Working to Help the Most Vulnerable Refugees
John Murray may be retired from 27 years in the Air Force, but in other areas of his life, he’s just ramping up. The student in Northwestern University School of Professional Studies’s Master of Science in Global Health online program hopes to provide some insight into one of the most pressing questions raised by current international events: how to help refugees.
“It’s such a contentious issue right now, what to do with the refugees,” Murray says. “Especially the child refugees. There are so many things that they need besides health care. They’ve been through some really traumatic experiences.” An article he’s written on the subject as part of his coursework has been accepted for publication in the Journal for Specialists in Pediatric Nursing.
Murray’s educational path spans over 30 years, beginning with a bachelor of science from Northeastern University. After completing nursing school he joined the Air Force, where he worked in clinical leadership positions within pediatrics. Along the way, he also earned a master’s, post-master’s, and doctorate degree and twice served as the consultant to the Air Force surgeon general for pediatrics.
Murray completed numerous humanitarian missions during his time in the Air Force. At least twice a year, he traveled across the globe to countries like Belize, Chile, South Korea, Peru and Taiwan, tackling issues from disaster relief to psychiatric care. These experiences sparked his passion for global health.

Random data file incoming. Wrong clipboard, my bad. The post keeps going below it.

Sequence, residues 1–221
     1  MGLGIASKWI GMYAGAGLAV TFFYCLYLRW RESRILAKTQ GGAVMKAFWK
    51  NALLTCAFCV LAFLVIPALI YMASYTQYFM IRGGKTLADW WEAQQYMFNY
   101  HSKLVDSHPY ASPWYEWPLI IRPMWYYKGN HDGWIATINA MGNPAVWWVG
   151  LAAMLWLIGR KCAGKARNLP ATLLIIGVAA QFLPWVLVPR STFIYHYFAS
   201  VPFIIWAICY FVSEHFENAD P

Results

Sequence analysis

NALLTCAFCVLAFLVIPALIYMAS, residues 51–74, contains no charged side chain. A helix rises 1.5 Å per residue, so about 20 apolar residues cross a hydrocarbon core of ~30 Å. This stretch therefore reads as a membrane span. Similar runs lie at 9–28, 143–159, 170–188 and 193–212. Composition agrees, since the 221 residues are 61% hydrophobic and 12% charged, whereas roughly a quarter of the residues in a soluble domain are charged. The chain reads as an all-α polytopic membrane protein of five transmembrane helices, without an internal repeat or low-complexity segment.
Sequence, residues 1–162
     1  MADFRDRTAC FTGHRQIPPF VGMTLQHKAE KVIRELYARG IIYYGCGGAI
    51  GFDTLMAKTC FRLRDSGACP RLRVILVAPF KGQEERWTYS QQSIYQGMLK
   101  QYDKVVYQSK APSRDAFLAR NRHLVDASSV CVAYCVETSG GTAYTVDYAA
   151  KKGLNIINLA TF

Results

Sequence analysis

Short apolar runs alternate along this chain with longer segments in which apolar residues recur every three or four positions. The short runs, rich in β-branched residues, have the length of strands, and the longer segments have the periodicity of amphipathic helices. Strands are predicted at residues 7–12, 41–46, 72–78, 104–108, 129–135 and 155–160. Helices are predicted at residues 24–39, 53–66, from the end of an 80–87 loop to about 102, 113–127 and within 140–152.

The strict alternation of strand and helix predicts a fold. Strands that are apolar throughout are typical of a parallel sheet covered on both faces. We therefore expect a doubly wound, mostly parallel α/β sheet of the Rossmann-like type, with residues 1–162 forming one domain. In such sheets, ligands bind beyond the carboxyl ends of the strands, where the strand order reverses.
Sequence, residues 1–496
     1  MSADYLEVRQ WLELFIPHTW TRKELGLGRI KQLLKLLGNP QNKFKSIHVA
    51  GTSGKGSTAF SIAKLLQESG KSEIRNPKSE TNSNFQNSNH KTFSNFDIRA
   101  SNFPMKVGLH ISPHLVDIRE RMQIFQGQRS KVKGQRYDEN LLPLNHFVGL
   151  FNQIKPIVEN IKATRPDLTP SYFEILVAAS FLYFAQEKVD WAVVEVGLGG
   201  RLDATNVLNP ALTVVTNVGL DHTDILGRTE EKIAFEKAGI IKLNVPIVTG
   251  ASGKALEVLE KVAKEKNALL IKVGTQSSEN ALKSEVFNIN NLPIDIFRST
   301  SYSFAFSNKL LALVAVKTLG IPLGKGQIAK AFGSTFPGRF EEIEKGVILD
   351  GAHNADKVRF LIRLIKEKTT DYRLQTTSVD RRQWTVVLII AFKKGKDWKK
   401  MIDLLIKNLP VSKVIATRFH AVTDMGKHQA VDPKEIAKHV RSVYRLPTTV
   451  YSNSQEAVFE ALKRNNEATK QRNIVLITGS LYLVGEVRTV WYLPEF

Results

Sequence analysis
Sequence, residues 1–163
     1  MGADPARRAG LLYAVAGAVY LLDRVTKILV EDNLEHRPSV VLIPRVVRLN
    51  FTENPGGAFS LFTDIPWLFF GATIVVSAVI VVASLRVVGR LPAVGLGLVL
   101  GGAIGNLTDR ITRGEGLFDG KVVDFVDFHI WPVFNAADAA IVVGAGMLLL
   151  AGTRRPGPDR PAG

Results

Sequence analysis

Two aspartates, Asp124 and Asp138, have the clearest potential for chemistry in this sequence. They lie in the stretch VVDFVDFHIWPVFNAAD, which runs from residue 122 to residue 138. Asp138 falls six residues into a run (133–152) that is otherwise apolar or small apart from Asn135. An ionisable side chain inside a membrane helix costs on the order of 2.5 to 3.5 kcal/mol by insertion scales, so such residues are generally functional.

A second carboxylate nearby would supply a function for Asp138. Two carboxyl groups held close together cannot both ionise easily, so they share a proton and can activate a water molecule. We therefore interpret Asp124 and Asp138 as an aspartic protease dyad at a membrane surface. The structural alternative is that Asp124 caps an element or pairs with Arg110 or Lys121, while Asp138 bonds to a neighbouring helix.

“One of the things that I was missing after I retired was the opportunity to do the kind of humanitarian missions that I did all the time when I was in the Air Force,” Murray says. “That’s when I came across Northwestern’s program on global health.”
Murray lives in Boston and admits that he was skeptical about taking online courses, but the experience at Northwestern has turned him into a convert. “The technology that they have at Northwestern is just mind-blowing. It’s so easy to get the information, to participate in lectures, to have study groups. It really feels like you’re physically in class, except that you have the benefit of having classmates who live in different countries and can offer that perspective.”
Murray also appreciates the encouragement he has received to publish the findings from his studies. Besides his interest in caring for child refugees, he’s also focused research on neglected tropical diseases, and recently published a paper on intestinal parasites in children in India. “It’s really great to have faculty who encourage you to take what you learn and assimilate your findings, and to share what you learned with other people.”
Murray is looking forward to narrowing his interests to a topic for his upcoming practicum courses, which will include visiting the region he’ll be studying.
“There are a lot of areas in global health where I would like to try to make a difference in improving child health care in developing countries,” Murray says. Not content to simply absorb information, he’s eager to share his learnings and put them to use in the world, which is already a better place for his efforts.
Article by Kelsey Rexroat